Tuesday, October 16, 2018

Disappointed again... naturally

I cried last month.

Truth be told, I've cried most months of my life.  Something will be emotionally important in some way - like a song, or a movie - and I will cry.  It's not always out of sadness.  It can easily be from happiness and joy.  It's your body's way of letting those emotions spill out and evening out the chemistries in your brain and body.

Last month's tears were tears of disappointment.

I hadn't been riding my bike for a bit.  Then we moved and I was even less motivated to ride my bike.  Where we've moved to though is flat.  Seriously.  FLAT.  It should have been my dream come true place to ride.  I told myself I was settling in.  I was putting our house in order.  Waiting for the internet.  Waiting for the plumber.  Waiting for the electricity to come back on after a power pole replacement.  Waiting for the internet (it finally happened).  Waiting for the plumber - again.  Waiting for the furniture delivery people.  Waiting for the plumber - again.  Waiting for another set of furniture delivery guys.  Waiting for the plumber - who finally fixed the issue.  Waiting for the painter - to fix the issue caused by the plumber.  

I had to be home to wait for these people.  So I couldn't plan to ride.

Then I planned a route.  I had to make sure not to go into THAT neighborhood - they seem to shoot people a lot there.  I didn't want to cross the hugely busy thoroughfare.  With some creativity, I came up with a route.

Then I aired up my tires.  And dusted the bike off.  And lubricated the moving stuff. 

And planned to ride.

And then I did.  Six weeks after moving here,  I rode.  It was a nice flat ride and I was even willing to deviate from my planned route to just explore other neighborhoods.  I didn't get chased by dogs.  I didn't have garbage in the streets to note on Facebook.  It was a simple, pleasant  4.25 mile ride.

I put the bike away and planned to ride the next day.

Eight weeks later, I realized, I was never going to ride again.  

So I sold my bike.

Yep.  Sold it to a UC Davis student who was beyond grateful to now have transportation to school that she could also do road bike rides whenever she wanted to.

Driving home after delivering my bike I cried.  I realized the disappointment I predicted could happen back in 2015.  I said then that I was afraid I would disappoint when I embarked on this adventure.  I was right.

I disappointed myself and I fear there is nothing I can do to make it up to myself. 

I hope to find a way.

Monday, October 15, 2018

The Sound Of Grief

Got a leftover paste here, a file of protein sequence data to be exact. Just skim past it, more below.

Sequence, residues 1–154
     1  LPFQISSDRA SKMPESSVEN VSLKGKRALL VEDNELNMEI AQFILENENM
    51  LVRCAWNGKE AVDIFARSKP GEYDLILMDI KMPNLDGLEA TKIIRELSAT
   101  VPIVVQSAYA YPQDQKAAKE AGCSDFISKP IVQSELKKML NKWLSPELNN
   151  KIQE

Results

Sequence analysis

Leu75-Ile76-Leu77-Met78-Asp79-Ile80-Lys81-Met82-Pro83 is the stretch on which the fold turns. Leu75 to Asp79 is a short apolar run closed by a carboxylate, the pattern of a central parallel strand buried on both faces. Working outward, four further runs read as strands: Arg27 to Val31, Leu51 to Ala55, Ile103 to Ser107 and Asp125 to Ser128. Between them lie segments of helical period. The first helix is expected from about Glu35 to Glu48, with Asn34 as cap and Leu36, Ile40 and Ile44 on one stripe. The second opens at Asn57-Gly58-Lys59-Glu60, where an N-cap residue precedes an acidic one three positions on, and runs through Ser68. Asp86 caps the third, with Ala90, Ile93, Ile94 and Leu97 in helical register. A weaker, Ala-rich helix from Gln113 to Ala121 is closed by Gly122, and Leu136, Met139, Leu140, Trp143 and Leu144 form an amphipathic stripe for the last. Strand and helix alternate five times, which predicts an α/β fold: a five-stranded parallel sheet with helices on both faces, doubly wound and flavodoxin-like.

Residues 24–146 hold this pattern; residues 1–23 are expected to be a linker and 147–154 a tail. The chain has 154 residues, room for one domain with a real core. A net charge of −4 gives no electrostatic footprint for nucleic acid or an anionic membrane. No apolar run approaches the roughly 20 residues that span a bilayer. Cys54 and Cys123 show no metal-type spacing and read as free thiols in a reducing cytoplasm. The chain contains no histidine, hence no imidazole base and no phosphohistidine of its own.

Her intense grief reverberated throughout the forest and across the canyons.  I had talked with her only moments before, holding a secret inside. I knew what she did not know in that moment and I held on to the secret that wasn’t mine either to have or to share.  I gave her a little bit more time with her hope. Her hope that she would not have to grieve.

She reached out and stroked my dog.  She thanked me for coming and helping in her most trying time.  She called me a hero.

I certainly didn’t feel like any kind of hero. I came to this search with the same hope she had. He hadn’t been missing that long.  There was still a chance that he would make it. Still a chance that he was waiting for us to find him so he could go home.

I drove through the night, knowing it was going to rain. I  drove hundreds of miles and a half dozen hours. It didn’t matter that I didn’t know him.  That has never mattered. What has always mattered was that someone was missing and I was a resource that could help find him.

I spent the better part of a day looking for him. It was only one out of several days that many others had already been searching for him.  It rained, and I worked hard to stay upright as my dog and I searched along steep, slippery slopes in our effort to find him. The search was over with one simple phrase over the radio from another team - we have a visual.

The sound of a heart breaking is a singularly horrific cry.  Her agony was palpable in the rain, echoing achingly amongst the trees. It penetrated deep into my soul.  It’s not the first time I have heard it, and it probably won’t be the last. It cuts deeply every time.

He was found.  And he could go home.  Finding him doesn’t bring closure.  It gives answers and likely begs more questions, but it doesn’t bring closure.  

It certainly brings heartbreak.